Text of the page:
When it comes to dust extractor design, the initial cost and ongoing maintenance can seem quite significant. However, there are several cost-saving features to look for that can help reduce these expenses over time. Cost-saving features to look for in industrial extractors include:
Variable Frequency Drives (VFD), can reduce energy costs by adjusting the speed of the motor to match the actual demand.
Ensure that your dust collection systems are properly designed, optimizing ductwork sizing and layout. This helps to reduce energy consumption and maintenance costs. Properly designed ducting systems can also help minimize resistance and pressure drop. This results in improved airflow, efficiency and reduced energy consumption. Additionally, optimized ductwork sizing and layout can decrease the likelihood of blockages, which can lead to reduced maintenance costs over time.
Airtight Autogates fitted to machines to close off when not in use reduces the overall airflow as required, saving power and wear and tear.
Remote monitoring and control capabilities, which can help identify problems early on, reduce downtime, and improve overall efficiency.
Preventive maintenance is essential to the efficiency and safety of a dust and fume control system. Customers can reduce downtime, prolong equipment lifespan, and ensure it’s operating at optimal efficiency by implementing on-going preventative maintenance or aftercare servicing.
Essential maintenance tasks include regular inspections of ductwork, filters and other dust extraction components to identify wear and tear or damage.
Regular cleaning to keep areas clear of dust and debris, inspecting and maintaining fans, motors and other mechanical components, checking seals and gaskets to ensure there are no leaks, and regularly monitoring the performance of the system (airflow, rate, pressure drop, and filter efficiency). Simply monitoring the pressure drop in you baghouse gives a good indication of the system status.
Airtight Systems: Over 2 Decades History of Quality Performance
Airtight’s RAF ( reverse Air filters) have a long and well proven history. Airtight installed the first system around Christmas of 1999. The original installation successfully ran for a year in an untested environment, demonstrating flawless performance, before launching the product that we know today. As of today, this original filter unit is still in service and has served three different customers over its lifespan.
Airtight’s experts bring an engineering approach to their installations and designs, resulting in excellent feedback on how to maximize their units. This advantage gives the company an edge over their competitors.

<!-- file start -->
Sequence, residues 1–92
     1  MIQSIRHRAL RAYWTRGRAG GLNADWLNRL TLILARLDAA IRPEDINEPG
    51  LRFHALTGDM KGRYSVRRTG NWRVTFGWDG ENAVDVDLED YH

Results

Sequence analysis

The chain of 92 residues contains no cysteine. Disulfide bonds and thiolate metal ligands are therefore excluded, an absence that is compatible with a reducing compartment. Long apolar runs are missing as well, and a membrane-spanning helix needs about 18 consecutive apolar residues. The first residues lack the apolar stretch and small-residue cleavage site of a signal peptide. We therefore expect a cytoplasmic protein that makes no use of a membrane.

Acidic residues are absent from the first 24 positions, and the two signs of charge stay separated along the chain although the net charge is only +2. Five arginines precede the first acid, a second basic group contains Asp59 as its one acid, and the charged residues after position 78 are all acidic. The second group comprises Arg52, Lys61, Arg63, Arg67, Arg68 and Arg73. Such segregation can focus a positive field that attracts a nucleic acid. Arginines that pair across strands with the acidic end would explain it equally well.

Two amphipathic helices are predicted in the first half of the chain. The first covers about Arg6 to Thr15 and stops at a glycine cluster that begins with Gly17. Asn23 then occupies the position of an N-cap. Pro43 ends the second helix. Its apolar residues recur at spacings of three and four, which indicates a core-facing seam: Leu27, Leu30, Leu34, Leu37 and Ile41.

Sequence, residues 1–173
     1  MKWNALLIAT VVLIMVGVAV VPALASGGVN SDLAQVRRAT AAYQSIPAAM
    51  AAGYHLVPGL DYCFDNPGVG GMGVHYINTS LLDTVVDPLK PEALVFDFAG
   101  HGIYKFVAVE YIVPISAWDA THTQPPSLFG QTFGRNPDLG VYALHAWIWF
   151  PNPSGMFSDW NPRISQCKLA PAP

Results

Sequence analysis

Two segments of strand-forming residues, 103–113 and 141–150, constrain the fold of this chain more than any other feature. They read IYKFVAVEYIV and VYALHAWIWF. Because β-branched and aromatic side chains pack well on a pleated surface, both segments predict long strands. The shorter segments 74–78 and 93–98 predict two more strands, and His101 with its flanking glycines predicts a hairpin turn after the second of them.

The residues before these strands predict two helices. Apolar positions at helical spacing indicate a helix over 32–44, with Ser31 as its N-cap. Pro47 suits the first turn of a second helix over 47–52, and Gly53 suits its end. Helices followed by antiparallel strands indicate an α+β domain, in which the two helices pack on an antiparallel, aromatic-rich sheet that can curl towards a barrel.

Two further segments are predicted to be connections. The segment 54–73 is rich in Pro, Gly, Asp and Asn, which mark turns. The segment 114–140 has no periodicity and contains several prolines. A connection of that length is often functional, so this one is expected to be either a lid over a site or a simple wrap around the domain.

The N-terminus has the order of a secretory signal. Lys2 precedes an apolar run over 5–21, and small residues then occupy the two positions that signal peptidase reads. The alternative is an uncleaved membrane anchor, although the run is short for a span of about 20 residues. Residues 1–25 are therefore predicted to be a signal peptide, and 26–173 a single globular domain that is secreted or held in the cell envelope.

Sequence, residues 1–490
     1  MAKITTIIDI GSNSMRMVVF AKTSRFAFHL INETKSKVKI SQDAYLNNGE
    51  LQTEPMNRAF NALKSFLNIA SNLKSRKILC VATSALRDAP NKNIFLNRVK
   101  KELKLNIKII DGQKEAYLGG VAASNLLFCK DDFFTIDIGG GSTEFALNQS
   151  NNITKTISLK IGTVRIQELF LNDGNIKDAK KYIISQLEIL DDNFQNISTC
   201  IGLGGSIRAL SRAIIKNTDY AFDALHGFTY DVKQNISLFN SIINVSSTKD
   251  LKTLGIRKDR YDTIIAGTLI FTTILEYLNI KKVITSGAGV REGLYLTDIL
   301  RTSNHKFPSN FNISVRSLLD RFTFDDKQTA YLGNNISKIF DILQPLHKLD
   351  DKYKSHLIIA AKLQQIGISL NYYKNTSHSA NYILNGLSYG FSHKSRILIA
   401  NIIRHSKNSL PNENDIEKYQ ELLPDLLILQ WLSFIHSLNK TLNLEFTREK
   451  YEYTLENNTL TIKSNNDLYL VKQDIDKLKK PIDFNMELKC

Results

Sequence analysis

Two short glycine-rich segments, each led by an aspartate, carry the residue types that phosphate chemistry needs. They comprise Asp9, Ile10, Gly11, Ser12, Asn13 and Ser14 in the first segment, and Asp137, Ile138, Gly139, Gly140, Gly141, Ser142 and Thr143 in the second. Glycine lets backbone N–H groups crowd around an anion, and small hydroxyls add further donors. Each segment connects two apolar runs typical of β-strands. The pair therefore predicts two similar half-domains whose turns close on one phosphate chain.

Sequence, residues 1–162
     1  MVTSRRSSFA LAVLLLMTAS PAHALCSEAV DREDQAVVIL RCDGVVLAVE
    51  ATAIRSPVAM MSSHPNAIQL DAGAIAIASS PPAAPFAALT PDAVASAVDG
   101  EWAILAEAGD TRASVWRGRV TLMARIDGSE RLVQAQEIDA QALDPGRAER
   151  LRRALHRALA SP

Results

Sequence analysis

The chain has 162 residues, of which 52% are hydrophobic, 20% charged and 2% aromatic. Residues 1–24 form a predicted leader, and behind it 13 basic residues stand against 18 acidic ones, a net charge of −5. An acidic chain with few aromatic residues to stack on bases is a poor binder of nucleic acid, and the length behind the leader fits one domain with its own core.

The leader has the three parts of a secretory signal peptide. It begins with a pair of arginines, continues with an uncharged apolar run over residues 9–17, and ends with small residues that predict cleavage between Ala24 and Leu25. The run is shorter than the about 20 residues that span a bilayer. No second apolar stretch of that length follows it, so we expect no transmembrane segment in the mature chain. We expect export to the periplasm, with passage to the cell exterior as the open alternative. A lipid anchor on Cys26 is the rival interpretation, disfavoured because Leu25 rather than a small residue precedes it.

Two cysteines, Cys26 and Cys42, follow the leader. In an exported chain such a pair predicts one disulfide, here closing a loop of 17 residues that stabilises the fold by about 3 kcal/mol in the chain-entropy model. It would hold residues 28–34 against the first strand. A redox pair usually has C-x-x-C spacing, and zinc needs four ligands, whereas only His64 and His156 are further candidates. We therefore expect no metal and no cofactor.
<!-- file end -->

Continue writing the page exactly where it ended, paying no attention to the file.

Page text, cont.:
“Understanding what the customer wants, and also understanding how you’re going to achieve it, allows us to offer customers a real solution, not just a piece of equipment. Airtight’s deep understanding of their system’s design also allows them to ensure they run at optimum levels. Thereby, providing customers with even more effective solutions”.
Brett Borthwick, General Manager, Airtight NZ
The Power of Teamwork: How Airtight Achieves Customer Success
Airtight’s broad range of engineering experience and 20+ years of cross-industry knowledge fosters teamwork to address unique customer needs. Engineers refer specific challenges to the team for the necessary level of expertise to craft the optimal solutions.
Maximising Customer Success: Airtight Engineers’ Role in the Dust Extractor Design Process
Airtight’s engineering team possesses a broad range of expertise in designing effective dust and fume control systems. They can identify sources of dust and determine its specific characteristics, which is critical in designing an efficient extraction system. They can also determine the required airflow by considering the size of the workspace, number of dust sources, and type of dust. Based on the specific characteristics of the dust, they can select the appropriate filters to use. Additionally, the team possesses highly skilled expertise in optimizing ductwork for constant airflow and minimal pressure drops. They also ensure compliance with national, state, and local regulations and codes.